Player             Games  ExpW  ActW  Ratio  
Donald Young       1298    204   229   1.12  
Robin Haase        2134    322   347   1.08  
Steve Johnson      1194    181   195   1.08  
Benoit Paire       1848    313   336   1.08  
Fernando Verdasco  2571    395   423   1.07  
Thomaz Bellucci    1906    300   321   1.07  
John Isner         3166    421   449   1.07  
Xavier Malisse     1125    175   186   1.06  
Vasek Pospisil     1541    243   258   1.06  
Rafael Nadal       3209    470   497   1.06  
Bernard Tomic      2124    328   347   1.06

There’s Isner again, making up for reaching 15-30 more often than he should.

And here are the players who win 15-30 points less often than other service points:

Player                  Games  ExpW  ActW  Ratio  
Carlos Berlocq          1867    303   273   0.90  
Albert Montanes         1183    191   173   0.91  
Kevin Anderson          2946    377   342   0.91  
Guillermo Garcia-Lopez  2356    397   370   0.93  
Roberto Bautista-Agut   1716    264   247   0.93  
Juan Monaco             2326    360   338   0.94  
Matthew Ebden           1088    186   176   0.94  
Grigor Dimitrov         2647    360   341   0.95  
Richard Gasquet         2897    380   360   0.95  
Andy Murray             3416    473   449   0.95

When we turn to return performance at 15-30, the extremes are less interesting. However, returning at this crucial score is something that is at least weakly correlated with overall success: Eight of the current top ten (all but Roger Federer and Milos Raonic) win more 15-30 points than expected. Djokovic wins 4% more than expected, while Nadal and Tomas Berdych win 3% more.

Again, breaking down 15-30 performance by situation is instructive. When the server has a substantial advantage in the set–at scores such as 5-1, 4-0, 3-2, and 3-0–he is less likely to win the 15-30 point. But when the server is trailing by a large margin–0-3, 1-4, 0-4, etc.–he is more likely to win the 15-30 point. This is a bit of evidence, though peripheral, of the difficulty of closing out a set–a subject for another day.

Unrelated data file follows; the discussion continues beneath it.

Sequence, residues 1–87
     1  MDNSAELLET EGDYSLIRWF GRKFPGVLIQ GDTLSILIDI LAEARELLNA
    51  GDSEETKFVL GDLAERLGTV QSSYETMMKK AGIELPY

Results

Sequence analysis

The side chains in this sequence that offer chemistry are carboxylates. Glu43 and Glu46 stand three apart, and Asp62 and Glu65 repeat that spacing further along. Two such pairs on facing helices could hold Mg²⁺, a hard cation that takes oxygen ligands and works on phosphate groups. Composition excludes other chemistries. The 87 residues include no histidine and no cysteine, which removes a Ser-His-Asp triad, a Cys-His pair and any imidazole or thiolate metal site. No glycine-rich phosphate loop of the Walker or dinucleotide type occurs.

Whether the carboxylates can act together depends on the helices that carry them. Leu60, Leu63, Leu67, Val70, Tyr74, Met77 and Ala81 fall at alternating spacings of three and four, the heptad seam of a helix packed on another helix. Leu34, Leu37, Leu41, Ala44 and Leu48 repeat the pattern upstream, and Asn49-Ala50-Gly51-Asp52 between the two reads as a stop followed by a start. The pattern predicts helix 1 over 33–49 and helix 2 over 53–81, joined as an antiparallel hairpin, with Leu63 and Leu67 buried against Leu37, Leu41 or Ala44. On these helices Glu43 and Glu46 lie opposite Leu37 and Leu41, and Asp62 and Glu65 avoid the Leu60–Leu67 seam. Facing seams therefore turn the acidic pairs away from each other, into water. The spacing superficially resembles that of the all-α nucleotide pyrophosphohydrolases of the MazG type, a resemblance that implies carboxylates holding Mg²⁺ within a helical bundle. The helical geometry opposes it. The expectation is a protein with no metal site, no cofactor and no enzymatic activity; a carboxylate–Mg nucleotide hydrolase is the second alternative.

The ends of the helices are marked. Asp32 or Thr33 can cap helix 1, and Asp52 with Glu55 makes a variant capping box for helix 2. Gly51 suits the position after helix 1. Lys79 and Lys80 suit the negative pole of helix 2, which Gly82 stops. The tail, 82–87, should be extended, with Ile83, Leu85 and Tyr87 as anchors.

Winning the game from 15-30

For the server, getting to 15-30 isn’t a good idea. But compared to our theoretical model, it isn’t quite as bad as it seems. From 15-30, the server wins 2% more often than the model predicts. While it’s not a large effect, it is a persistent one.

Here are the players who play better than usual from 15-30, winning games much more often than the model predicts they would:

Player             Games  ExpW  ActW  Ratio  
Nikolay Davydenko  1488    194   228   1.17  
Steve Johnson      1194    166   190   1.14  
Donald Young       1298    163   185   1.13  
John Isner         3166    423   470   1.11  
Nicolas Mahut      1344    172   188   1.09  
Benoit Paire       1848    266   288   1.08  
Lukas Lacko        1162    164   177   1.08  
Rafael Nadal       3209    450   484   1.08  
Martin Klizan      1534    201   216   1.08  
Feliciano Lopez    2598    341   367   1.07  
Tomas Berdych      3947    556   597   1.07

Naturally, this list has much in common with that of the players who excel on the 15-30 point itself, including many lefties. The big surprise is Nikolay Davydenko, a player who many regarded as weak in the clutch, and who showed up on one of the first lists among players with questionable reputations in pressure situations. Yet Davydenko–at least at the end of his career–was very effective at times like these.

Another note on Nadal: He is the only player on this list who is also near the top among men who overperform from 15-30 on return. Rafa exceeds expectations in that category by 7%, as well, better than any other player in the last few years.

And finally, here are the players who underperform from 15-30 on serve:

Player               Games  ExpW  ActW  Ratio  
Dustin Brown         1013    122   111   0.91  
Tommy Robredo        2140    289   270   0.93  
Alexandr Dolgopolov  2379    306   288   0.94  
Federico Delbonis    1110    157   148   0.94  
Juan Monaco          2326    304   289   0.95  
Simone Bolelli       1015    132   126   0.96  
Paul-Henri Mathieu   1083    155   148   0.96  
Gilles Muller        1332    179   172   0.96  
Carlos Berlocq       1867    256   246   0.96